It's easier to understand the memory use of arrays:

```
In [100]: p = np.arange(10)
In [101]: sys.getsizeof(p)
Out[101]: 176
In [102]: p.itemsize*p.size
Out[102]: 80
```

The databuffer of `p`

is 80 bytes long. The rest of `p`

is object overhead, attributes like `shape`

, `strides`

, etc.

An indexed element of the array is a `numpy`

object.

```
In [103]: q = p[0]
In [104]: type(q)
Out[104]: numpy.int64
In [105]: q.itemsize*q.size
Out[105]: 8
In [106]: sys.getsizeof(q)
Out[106]: 32
```

So this multiplication doesn't tell us anything useful:

```
In [109]: sys.getsizeof(p[3])*len(p)
Out[109]: 320
```

Though it may help us estimate the size of this list:

```
In [110]: [i for i in p]
Out[110]: [0, 1, 2, 3, 4, 5, 6, 7, 8, 9]
In [111]: type(_[0])
Out[111]: numpy.int64
In [112]: sys.getsizeof(__)
Out[112]: 192
```

The list of 10 `int64`

objects occupies 320+192 bytes, more or less (the list overhead and its pointer buffer plus the size objects pointed to).

We can extract an int object from the array with `item`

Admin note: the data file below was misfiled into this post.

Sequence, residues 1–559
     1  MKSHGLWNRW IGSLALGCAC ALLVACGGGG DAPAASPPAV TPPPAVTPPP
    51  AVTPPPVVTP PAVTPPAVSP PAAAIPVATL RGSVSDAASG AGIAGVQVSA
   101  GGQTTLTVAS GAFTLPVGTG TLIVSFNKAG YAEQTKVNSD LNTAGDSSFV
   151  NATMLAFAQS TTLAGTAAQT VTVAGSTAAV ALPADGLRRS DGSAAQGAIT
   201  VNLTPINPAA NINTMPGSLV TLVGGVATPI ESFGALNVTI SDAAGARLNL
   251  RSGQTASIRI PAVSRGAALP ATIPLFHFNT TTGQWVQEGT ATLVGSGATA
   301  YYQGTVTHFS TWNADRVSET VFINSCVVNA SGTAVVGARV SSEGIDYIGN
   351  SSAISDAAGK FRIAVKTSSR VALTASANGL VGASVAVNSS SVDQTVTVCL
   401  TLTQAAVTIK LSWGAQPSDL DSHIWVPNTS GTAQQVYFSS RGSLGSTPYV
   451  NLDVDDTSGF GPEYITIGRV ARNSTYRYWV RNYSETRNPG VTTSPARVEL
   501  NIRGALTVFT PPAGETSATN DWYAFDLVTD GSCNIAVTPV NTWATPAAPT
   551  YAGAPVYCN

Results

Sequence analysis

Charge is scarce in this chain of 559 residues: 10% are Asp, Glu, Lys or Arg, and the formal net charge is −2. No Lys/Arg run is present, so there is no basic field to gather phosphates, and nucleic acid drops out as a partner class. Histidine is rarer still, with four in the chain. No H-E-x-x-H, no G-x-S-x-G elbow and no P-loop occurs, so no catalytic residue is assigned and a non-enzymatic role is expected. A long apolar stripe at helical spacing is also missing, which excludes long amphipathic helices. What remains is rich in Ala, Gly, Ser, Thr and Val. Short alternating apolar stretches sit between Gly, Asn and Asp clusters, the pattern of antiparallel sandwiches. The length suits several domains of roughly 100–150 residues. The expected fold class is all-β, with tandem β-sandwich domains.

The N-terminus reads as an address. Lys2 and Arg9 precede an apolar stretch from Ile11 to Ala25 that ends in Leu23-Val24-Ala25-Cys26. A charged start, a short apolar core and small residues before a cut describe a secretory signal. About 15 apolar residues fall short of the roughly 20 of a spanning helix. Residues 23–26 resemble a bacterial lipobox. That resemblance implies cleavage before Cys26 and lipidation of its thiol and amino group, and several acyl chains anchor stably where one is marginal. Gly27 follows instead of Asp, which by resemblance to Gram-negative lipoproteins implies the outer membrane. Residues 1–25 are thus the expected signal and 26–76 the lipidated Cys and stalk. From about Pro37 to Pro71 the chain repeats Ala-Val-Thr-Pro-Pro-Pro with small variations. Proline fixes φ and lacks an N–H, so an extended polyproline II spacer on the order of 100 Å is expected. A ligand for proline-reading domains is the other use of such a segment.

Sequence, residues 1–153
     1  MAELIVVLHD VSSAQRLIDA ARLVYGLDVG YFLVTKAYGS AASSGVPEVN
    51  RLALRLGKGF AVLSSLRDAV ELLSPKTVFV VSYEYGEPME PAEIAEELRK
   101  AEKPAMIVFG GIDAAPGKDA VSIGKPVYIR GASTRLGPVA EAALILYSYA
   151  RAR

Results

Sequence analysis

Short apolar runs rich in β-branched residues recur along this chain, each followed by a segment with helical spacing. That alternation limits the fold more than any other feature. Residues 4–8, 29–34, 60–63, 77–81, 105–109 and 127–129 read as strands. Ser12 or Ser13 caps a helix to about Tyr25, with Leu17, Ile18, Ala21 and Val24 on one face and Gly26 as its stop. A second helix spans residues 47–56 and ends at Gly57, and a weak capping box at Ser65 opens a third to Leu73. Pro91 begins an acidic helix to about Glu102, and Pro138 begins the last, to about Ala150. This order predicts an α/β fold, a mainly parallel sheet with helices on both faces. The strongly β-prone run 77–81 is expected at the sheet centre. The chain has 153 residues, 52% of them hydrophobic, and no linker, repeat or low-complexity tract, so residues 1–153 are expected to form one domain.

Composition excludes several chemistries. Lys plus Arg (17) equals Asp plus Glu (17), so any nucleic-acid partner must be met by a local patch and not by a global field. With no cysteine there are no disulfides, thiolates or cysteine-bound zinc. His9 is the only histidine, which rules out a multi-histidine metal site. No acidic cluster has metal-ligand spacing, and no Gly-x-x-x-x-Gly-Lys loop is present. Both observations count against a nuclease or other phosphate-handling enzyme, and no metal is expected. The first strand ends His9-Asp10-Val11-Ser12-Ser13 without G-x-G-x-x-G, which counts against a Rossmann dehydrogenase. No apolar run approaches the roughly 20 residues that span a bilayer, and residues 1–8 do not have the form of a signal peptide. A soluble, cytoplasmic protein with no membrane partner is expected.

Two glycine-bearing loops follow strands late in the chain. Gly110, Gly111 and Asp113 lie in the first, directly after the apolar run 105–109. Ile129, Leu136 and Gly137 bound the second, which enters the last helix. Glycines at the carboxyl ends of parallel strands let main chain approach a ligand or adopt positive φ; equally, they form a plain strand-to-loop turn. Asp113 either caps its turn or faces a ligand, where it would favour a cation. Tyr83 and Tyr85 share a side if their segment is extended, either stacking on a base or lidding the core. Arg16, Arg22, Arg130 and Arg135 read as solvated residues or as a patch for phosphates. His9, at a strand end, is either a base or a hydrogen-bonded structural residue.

:

```
In [115]: p[0].item()
Out[115]: 0
In [116]: type(_)
Out[116]: int
In [117]: sys.getsizeof(p[0].item())
Out[117]: 24
```

Lists of the same `len`

can have differing size, depending on how much growth space they have:

```
In [118]: sys.getsizeof(p.tolist())
Out[118]: 144
```

Further complicating things is the fact that small integers have a different storage than large ones - ones below 256 are unique.

`p[3]`

creates a new object, a "boxed" version that wraps the primitive data type contained inside the array buffer. Note, using`sys.getsizeof`

has a lot of caveats, especially when dealing with containers. – juanpa.arrivillaga Apr 16 '18 at 7:20